I like intelligent, thought-provoking pop. That’s why I featured GLIMTVIS’ previous single back in June and why they’re here again now.
Last time out GLIMTVIS were singing about feelings of inadequacy, and the search for and the hope of finding “the perfect self”, a version that probably doesn’t exist.
Now, in ‘Weren’t we just dancing’, a title full of irony, they turn their attention to “the difficult dating life in adulthood,” casting light again on their inadequacy in actually handling adult life. They don’t appear to mind sharing personal songs, even baring their souls.
They mention an inability to control things at that age. Now I don’t know what age they’re talking about, they don’t look as if the kids are about to pack them off to a retirement home, but if push comes to shove I reckon the only things you need to worry about controlling are your drooling, your bladder and your bowels…
What the song zeroes in on is actually later-in-life dating. Tinder for Dummies I think the book is called, complete with drawings showing you how to get your arthritic fingers to swipe left and right.
In reality it goes deeper than that and examines the part of adult dating life that often a little too quickly revolves around – “How was your divorce? Did you also need a cutthroat lawyer? Which weeks do you have your children? Are you sure you are truly happy with your hair colour?”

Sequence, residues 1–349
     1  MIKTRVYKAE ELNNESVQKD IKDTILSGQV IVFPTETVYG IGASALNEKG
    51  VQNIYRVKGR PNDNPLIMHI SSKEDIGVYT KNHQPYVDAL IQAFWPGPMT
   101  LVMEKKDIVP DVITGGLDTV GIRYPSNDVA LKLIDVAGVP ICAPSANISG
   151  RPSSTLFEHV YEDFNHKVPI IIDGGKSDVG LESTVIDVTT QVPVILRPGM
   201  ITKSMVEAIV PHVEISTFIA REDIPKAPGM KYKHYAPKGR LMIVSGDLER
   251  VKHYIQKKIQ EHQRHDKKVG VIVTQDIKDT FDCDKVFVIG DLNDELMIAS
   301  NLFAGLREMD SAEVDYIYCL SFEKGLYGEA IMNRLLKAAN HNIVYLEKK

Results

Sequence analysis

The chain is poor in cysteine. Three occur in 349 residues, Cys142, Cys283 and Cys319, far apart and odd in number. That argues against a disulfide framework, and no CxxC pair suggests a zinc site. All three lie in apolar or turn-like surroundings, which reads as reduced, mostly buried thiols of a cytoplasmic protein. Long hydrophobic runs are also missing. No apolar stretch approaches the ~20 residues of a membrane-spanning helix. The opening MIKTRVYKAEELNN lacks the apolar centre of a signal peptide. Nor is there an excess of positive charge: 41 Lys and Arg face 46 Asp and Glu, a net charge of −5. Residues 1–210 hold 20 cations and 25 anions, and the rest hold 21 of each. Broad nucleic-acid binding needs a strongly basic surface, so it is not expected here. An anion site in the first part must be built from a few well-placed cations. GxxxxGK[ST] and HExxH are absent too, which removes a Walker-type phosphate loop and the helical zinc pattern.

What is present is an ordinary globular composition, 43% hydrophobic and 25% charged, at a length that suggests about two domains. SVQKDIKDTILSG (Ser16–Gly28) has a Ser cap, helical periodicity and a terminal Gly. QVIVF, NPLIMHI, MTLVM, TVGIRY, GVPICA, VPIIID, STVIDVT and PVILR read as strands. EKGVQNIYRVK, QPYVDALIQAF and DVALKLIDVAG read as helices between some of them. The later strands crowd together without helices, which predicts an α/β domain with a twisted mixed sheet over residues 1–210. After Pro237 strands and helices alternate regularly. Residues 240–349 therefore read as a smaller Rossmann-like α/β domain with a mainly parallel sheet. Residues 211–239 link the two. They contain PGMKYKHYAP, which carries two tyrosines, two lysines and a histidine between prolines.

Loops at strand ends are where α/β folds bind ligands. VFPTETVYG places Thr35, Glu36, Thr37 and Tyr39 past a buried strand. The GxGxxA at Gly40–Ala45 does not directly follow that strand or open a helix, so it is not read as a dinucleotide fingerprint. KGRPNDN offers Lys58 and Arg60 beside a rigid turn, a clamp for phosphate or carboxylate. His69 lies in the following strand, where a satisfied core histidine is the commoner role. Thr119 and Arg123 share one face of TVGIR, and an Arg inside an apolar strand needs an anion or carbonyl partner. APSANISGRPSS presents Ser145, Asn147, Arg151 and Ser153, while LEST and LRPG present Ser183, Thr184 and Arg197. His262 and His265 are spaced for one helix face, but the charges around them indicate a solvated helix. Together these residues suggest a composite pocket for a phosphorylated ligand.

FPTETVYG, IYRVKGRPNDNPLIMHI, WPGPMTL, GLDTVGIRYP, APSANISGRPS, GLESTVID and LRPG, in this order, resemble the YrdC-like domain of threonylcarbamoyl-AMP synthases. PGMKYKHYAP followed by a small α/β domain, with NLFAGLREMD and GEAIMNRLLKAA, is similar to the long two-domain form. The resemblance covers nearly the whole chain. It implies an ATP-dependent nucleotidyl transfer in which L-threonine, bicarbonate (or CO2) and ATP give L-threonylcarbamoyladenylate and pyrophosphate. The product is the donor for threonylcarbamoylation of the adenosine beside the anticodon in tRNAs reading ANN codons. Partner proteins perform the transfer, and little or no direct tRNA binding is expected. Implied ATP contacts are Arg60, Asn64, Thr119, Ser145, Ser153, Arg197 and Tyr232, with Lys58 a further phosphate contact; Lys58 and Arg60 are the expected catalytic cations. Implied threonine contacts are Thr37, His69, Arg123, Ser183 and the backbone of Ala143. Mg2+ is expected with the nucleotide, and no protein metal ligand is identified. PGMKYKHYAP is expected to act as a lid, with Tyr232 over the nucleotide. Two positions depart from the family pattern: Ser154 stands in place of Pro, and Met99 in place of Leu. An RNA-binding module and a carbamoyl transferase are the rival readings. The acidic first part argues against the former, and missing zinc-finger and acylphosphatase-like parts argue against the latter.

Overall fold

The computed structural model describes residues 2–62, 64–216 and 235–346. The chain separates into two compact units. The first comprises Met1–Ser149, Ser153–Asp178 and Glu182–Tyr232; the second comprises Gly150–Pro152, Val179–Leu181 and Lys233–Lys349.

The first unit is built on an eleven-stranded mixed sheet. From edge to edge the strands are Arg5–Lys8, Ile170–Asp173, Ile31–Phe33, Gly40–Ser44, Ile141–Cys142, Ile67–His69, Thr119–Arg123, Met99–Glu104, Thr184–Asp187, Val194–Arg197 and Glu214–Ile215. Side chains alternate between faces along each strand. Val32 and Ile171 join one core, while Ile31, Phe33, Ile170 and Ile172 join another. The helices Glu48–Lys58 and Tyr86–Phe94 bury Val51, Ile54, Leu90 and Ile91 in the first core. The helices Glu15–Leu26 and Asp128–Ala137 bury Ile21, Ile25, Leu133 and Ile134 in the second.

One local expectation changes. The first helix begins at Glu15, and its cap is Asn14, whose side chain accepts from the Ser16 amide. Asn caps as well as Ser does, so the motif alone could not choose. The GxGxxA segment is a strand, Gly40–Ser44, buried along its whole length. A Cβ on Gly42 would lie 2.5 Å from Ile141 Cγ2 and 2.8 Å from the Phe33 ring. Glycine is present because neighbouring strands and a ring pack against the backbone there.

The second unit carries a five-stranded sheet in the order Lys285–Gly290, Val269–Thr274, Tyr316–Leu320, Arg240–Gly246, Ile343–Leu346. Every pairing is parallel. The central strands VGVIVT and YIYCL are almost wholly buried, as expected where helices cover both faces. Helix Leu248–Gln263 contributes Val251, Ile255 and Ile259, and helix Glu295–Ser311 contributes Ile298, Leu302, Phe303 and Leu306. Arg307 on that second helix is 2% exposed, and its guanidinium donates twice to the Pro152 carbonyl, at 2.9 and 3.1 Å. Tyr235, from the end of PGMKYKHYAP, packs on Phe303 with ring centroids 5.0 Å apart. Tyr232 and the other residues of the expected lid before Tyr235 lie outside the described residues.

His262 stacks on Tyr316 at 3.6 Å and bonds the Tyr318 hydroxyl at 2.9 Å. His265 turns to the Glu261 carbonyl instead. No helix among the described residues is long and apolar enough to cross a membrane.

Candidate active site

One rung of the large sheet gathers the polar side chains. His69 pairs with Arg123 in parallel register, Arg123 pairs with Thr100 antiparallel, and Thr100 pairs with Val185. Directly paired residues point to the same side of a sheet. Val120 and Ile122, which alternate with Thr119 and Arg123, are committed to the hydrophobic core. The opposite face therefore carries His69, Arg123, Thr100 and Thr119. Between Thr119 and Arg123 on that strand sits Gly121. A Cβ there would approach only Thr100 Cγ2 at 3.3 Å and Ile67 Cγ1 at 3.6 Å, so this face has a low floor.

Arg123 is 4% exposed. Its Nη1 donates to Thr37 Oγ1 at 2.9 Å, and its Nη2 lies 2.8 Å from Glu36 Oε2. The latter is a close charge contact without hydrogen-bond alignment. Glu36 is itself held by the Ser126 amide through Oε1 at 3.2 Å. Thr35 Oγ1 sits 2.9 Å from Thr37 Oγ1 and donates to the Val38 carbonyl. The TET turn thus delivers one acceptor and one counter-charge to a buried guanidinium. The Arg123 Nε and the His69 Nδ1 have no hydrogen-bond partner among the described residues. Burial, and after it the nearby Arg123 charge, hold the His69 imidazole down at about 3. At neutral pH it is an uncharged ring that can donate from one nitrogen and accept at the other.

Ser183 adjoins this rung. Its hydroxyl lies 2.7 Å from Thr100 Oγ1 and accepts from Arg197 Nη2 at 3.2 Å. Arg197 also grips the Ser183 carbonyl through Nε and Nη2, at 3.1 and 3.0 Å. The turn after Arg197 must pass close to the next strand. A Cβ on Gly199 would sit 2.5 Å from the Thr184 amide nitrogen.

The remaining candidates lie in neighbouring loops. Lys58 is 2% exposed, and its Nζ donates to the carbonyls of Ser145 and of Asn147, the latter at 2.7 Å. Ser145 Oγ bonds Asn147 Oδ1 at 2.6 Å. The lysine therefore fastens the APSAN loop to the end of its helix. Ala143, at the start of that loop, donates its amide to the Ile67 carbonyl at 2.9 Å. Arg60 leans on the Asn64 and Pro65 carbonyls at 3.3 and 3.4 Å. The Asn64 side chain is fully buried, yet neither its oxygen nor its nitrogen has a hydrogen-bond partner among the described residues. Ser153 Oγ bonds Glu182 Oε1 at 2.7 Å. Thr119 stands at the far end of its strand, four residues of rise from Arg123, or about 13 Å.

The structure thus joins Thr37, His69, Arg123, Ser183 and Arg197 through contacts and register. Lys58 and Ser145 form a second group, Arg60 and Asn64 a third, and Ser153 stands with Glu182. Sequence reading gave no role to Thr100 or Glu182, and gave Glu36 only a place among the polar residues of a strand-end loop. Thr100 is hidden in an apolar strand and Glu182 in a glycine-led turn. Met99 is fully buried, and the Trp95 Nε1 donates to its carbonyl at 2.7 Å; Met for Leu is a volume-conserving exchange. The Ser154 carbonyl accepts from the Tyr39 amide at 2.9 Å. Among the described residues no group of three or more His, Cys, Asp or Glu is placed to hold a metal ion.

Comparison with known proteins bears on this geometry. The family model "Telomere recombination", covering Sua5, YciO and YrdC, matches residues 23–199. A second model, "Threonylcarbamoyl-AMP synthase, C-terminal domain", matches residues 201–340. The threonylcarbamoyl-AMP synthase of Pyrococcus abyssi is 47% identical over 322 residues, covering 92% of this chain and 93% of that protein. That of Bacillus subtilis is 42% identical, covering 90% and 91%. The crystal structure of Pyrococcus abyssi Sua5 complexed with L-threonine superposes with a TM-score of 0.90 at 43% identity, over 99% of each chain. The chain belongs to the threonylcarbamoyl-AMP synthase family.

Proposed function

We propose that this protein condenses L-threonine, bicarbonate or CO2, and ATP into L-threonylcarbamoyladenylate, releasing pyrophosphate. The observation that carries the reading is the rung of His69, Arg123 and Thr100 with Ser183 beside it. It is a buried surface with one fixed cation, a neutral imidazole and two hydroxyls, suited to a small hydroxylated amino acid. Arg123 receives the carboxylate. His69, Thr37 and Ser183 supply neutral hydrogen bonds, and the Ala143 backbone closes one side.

Oh, this resonates perfectly with me. The only time I ever used a dating service, about 20 years ago when my mother fretted I was going to end up on the shelf (I did anyway), I called a woman (you didn’t do it on the internet then) to set up a date and the only thing she wanted to know – ad nauseam – was how tall I was. She wouldn’t accept my answer. Turns out that last week’s date said he was 6’ 4” when he was actually 5’ 2”.
She thought that I, like him, might have ‘small man’ syndrome. I assured her that I am indeed a ‘small’ man if she got my drift.
And that was the end of that.
But I digress.
So this song concerns “where the expectations for the one you are looking for are far too high (no pun intended) and where the skeletons in the closet are standing there, banging their bones against the door to get out”.
The previous song was replete with Americana and with distinct Dolly Parton overtones. It’s harder to identify the genre this time, there’s a lot in there…Nashville/Austin (they just played the Nashville Nights festival in Odense); shadowy indie-pop, a rocking outro, a neat bit of harmonica and smart lyrics like “you don’t know me that well, I hope that makes me interesting”, which seems to sum up the whole online dating thing, certainly the one offered by the likes of Plenty of Fish.
Listen. Appreciate. Learn. Then get on line. Good luck.
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